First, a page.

Cumberland Island National Seashore, St. Marys, Georgia

Greetings,

Welcome to my first blog of 2018 and thanks for your likes and comments on last weeks Reflections and Resolutions post. For the next few weeks we head back to the southeast to Georgia and Florida to complete our #Parksgiving17 adventure. At the end of January, I’ll take you on the trail to the southwest of the United States for several exciting and profound posts, I’m saying that now before we’ve even left home! Oh well, we’ll see what the road brings to us.

Of all our visits to national parks, historic sites and monuments during our stay, this one took the most planning because it requires advanced reservations for both the ferry ride (there is a 300 visitor limit per day) and the optional guided tour. Cumberland Island is accessible by a ferry that runs only a couple of times each day, once in the morning and once in the later afternoon. If you miss it, you’re SOL! In addition, there are no concessions on the Island such as food and water, visitors need to bring both to have an enjoyable experience. So thanks to our Thanksgiving week leader and National Park enthusiast, we were well prepared.

The Cumberland Island National Seashore was preserved by an act of Congress in 1972 after lots of lobbying and effort by the Sierra Club and Georgia Conservancy. This National Seashore encompasses most of Cumberland Island, a barrier island a few miles off the coast of Georgia. I say most because there are some parts of Cumberland Island that are still under private ownership, more on that later. The Seashore is administered by the National Park Service and maintains a visitor center on the mainland in St. Marys, Georgia where visitors catch the ferry. Cumberland Island-5299

We arrived early for our all day trip to Cumberland Island. After checking in at the visitor center, getting our tickets and checking out the displays, we had some time to wander around the waterfront of the St. Marys River. There was a lot of construction and repair work going on that was caused by Hurricane Irma in September. In fact, the ferry boarding was moved to a temporary dock about 1/5 mile from the Visitors Center. Here are some photos from my waterfront roaming.Cumberland Island-5305Cumberland Island-5304Cumberland Island-2171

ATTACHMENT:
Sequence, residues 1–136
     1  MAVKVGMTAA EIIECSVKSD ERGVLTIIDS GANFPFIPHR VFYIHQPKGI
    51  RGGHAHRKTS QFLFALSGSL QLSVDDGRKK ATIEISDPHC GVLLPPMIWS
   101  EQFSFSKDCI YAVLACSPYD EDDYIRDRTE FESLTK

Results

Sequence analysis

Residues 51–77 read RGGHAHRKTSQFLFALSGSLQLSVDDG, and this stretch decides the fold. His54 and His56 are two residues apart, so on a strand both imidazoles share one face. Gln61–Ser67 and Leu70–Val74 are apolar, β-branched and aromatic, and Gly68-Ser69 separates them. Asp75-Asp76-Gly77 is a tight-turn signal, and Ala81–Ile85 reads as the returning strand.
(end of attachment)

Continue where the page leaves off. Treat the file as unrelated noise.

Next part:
Soon it was time to head to the ferry dock for our 30 minute trip to Cumberland Island. As we waited for the briefing by the Park Ranger, Daniel, our son-in-law and park enthusiast, chatted up the Ranger.Cumberland Island-5308

After the safety briefing, we boarded the ferry that was our lifeline between the mainland and Cumberland Island.Cumberland Island-5307

Soon we were on our way, leaving St. Marys behind and looking forward to the daylong adventure.Cumberland Island-5312Cumberland Island-2183

While most of the day was overcast with a few intermittent showers, the temperature was pleasant. Upon arriving and disembarking, we were greeted by these signs and the location where we met our guide and van driver for the day. Cumberland Island-5319IMG_2955

After a short briefing on our plan for the day and a visit to the restrooms, we piled into the 15 passenger van and started down the one main road on the Island, if one could call it a road! It was more of a dirt path carved through the forest.Cumberland Island-2202

As we traveled along the bumpy, narrow road to our first destination, the First Settlement, our guide provided a brief history of Cumberland Island. The Island first inhabitants were the indigenous Timucua peoples who came to the island about 4000 years ago and thrived until the arrival of the first European colonial settlers around 1550. Battles between the British, French, and Spanish took its tole until around 1730 when James Oglethrope, the future founder of the State if Georgia, arrived on the scene. He built a hunting lodge and later two forts, one on the south and one on the north, to protect against Spanish invasion. After the threats of invasion passed the forts were abandoned. Enter the plantation era that began when Revolutionary War hero Nathanael Greene acquired most of the southern part of the island in a business deal. After he died, his widow married Phineas Miller (no relation!) and built a large mansion out of tabby (a type of concrete made from oyster shells) and named it Dungeness. They maintained a cotton plantation that produced the very high quality Sea Island cotton. In addition, they also raised indigo, rice and other food crops. Prior to the Civil War, Robert Stafford was also a prominent plantation owner on the Island during this time.